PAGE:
Second Harvest Food Bank Santa Cruz County will host the Annual Calfresh Forum on Friday, May 12th, 2017 from 8am to 2pm at the Watsonville Civic Plaza, 275 Main Street, Watsonville. Join Hunger fighters from the Central Coast, special guest speakers, and more. A light breakfast and a special lunch will be served. Admission is free. Please register by May 5th.
On Thursday, December 8th at 5:30pm Life Lab is hosting a reception and dinner with 26 school garden leaders from 16 School Garden Support Organizations from across the country.
Please RSVP Here by November 30th to receive specific details, including parking information and more.
Written by: Brianna Egan, FoodCorps Service Member with Pajaro Valley Unified School District
The fall season brings with it a time of reflection—a time to gather the final harvests of summer and to lay down plans, like cover crops, for the coming year. This fall, in my second month of service through FoodCorps at Pajaro Valley Unified School District, I am reflecting on my whirlwind introduction to school food and laying down plans on how I will work to connect kids with healthy food this year.
Every morning on my commute to the school district’s offices in Watsonville, California I pass by acres and acres of farmland. I turn my head to make out the fruits on the rows and I see farmworkers, bent over, tending to the fields. Raspberries, strawberries, lettuce greens, hoodies, denim…they blur into shades of deep green and dust brown. I cannot wrest away the thought that the growing of our food is intimately connected to people, to families, and to communities.
Written by: Daiana Baez, FoodCorps Service Member with CAFF and Life Lab
The splash of rocks skipping, the skidding of tires, the sweet whispers of grasshoppers, and the silent buzz of bees are all familiar noises connected with summer. However, perhaps much louder, is the sound of a collective hunger that stirs all season long. The USDA has estimated that 30.3 million children depend on the National School Lunch Program to ease their hunger aches during the school year. Unfortunately, as soon as the last bell rings, only 2.6 million children are fortunate enough to find facilities providing food assistance during the summer. But with the lack of resources, and overwhelming amount of challenges nutrition services facilities face in low-resource, low-income communities, the privilege of health dilutes in a sea of calories and sugar. This summer, nonetheless, food fighters in Pajaro Valley Unified School District together worked to create a nutrition program that reached five different schools, and almost every single student at: Starlight Elementary, Ohlone Elementary, Landmark Elementary, Freedom Elementary, and Cesar Chavez Middle School.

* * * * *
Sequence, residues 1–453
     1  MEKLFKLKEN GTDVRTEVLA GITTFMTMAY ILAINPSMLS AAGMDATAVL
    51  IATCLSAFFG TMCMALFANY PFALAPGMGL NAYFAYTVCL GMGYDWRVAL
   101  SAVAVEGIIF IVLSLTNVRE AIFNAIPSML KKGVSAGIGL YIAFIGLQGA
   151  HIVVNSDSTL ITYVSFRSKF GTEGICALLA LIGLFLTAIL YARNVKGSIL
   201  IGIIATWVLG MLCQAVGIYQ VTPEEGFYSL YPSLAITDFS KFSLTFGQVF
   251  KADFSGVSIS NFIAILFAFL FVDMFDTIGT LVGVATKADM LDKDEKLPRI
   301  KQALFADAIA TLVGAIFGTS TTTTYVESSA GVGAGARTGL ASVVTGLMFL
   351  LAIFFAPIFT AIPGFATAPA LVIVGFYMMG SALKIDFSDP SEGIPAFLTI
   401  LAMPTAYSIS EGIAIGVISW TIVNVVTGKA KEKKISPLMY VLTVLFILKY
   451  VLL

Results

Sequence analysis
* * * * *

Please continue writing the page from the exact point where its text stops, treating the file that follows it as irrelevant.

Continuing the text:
To provide PVUSD summer school students with not just calories, but a sample of health, the district’s Teach Project (supported by Grind Out Hunger) provided teams of nutrition educators with enough resources for each of their students to eat a rainbow. Continue reading
This week’s blogpost highlight is written by FoodCorps Service Member Sara Mendes who is currently serving with Life Lab and Community Alliance with Family Farmers (CAFF) along the Central Coast. Serving in the heartland of agriculture and in Spanish-speaking communities, Sara has been able to serve countless of students by teaching Harvest of the Month lessons and leading field trips. Read on to learn about her approach to teaching bilingual garden and nutrition-based lessons.
“¿Como se dice ‘sour’ en español?” I ask my first grade students. “Amargo!” someone shouts. “No! That means bitter. Agrio!” another voice suggests.
“Agrio,” the class agrees. I write the word in English and Spanish on the whiteboard where we are very scientifically documenting how two varieties of local kiwi taste.
This week’s guest blog is written by second year FoodCorps California Service Member, Roanna Cooper. Serving two consecutive years with Food, What?!, a youth empowerment program in partnership with Life Lab, Roanna has had the opportunity to be a mentor for countless of youth across Santa Cruz County. Read on to learn about Food, What?! and the youth-led workshops offered.
Peer, What?! Let the Youth Lead!
Beginning in 2013, “Food, What?!” began a partnership with the Santa Cruz County Office of Education to extend its reach to hundreds more youth across the county by offering a peer-to-peer Community Educator Workshop Series in various classrooms throughout Santa Cruz and Watsonville. This has not only allowed FoodWhat to offer hundreds of area youth some of the youth empowerment, food justice and health content utilized in its core programs, but has also provided a unique opportunity for FoodWhat Alumni to step into a strong leadership role with their peers, furthering positive youth development outcomes.